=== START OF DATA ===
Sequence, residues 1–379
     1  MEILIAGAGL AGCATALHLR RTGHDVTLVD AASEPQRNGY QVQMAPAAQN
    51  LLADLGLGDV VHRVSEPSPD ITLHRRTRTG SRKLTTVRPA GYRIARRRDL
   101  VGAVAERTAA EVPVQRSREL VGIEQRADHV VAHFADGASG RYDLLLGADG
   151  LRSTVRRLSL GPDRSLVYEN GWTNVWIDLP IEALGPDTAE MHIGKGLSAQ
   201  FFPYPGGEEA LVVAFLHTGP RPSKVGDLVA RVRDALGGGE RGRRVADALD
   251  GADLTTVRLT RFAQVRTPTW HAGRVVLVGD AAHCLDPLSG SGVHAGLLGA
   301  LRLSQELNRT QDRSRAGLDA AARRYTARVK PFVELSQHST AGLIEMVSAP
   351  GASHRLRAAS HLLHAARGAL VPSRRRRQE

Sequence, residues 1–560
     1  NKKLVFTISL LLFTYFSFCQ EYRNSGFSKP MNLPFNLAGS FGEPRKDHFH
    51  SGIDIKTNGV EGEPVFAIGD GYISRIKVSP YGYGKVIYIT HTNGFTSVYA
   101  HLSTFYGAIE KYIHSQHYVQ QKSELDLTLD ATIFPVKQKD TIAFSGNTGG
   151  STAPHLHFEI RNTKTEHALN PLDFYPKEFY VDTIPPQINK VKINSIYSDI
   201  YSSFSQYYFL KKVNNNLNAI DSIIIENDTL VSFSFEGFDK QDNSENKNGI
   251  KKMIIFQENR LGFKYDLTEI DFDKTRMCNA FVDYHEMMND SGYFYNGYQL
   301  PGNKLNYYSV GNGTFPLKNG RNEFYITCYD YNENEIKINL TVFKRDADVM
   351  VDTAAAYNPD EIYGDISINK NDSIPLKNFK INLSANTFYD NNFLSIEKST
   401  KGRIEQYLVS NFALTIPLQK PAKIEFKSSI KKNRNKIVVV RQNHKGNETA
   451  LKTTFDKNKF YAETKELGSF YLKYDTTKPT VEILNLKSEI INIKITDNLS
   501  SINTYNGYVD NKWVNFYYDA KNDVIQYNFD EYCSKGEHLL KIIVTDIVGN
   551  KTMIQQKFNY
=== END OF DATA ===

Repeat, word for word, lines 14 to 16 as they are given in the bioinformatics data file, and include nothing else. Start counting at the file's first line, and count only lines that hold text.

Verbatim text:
   151  STAPHLHFEI RNTKTEHALN PLDFYPKEFY VDTIPPQINK VKINSIYSDI
   201  YSSFSQYYFL KKVNNNLNAI DSIIIENDTL VSFSFEGFDK QDNSENKNGI
   251  KKMIIFQENR LGFKYDLTEI DFDKTRMCNA FVDYHEMMND SGYFYNGYQL